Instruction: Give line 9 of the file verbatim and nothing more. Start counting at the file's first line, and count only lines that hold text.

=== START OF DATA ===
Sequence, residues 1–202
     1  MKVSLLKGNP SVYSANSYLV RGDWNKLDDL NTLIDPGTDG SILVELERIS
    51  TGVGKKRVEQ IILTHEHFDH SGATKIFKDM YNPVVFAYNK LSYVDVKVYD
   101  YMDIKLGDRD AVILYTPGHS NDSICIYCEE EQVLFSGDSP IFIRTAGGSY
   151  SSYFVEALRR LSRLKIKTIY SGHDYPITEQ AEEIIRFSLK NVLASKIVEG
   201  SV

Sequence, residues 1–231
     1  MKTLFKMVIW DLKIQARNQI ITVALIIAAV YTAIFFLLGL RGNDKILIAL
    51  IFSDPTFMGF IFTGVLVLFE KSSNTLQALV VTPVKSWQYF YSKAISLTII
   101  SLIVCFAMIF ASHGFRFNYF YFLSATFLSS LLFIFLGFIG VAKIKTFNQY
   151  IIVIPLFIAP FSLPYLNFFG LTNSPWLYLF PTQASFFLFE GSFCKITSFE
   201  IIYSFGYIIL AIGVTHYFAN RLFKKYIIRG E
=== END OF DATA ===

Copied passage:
    51  IFSDPTFMGF IFTGVLVLFE KSSNTLQALV VTPVKSWQYF YSKAISLTII